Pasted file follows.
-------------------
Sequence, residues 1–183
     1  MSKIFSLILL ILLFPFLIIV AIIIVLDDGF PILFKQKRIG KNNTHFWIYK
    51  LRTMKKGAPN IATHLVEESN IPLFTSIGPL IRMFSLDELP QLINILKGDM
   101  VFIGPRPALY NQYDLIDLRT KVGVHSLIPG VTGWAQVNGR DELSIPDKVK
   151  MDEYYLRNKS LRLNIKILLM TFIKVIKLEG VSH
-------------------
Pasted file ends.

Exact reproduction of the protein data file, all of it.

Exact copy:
Sequence, residues 1–183
     1  MSKIFSLILL ILLFPFLIIV AIIIVLDDGF PILFKQKRIG KNNTHFWIYK
    51  LRTMKKGAPN IATHLVEESN IPLFTSIGPL IRMFSLDELP QLINILKGDM
   101  VFIGPRPALY NQYDLIDLRT KVGVHSLIPG VTGWAQVNGR DELSIPDKVK
   151  MDEYYLRNKS LRLNIKILLM TFIKVIKLEG VSH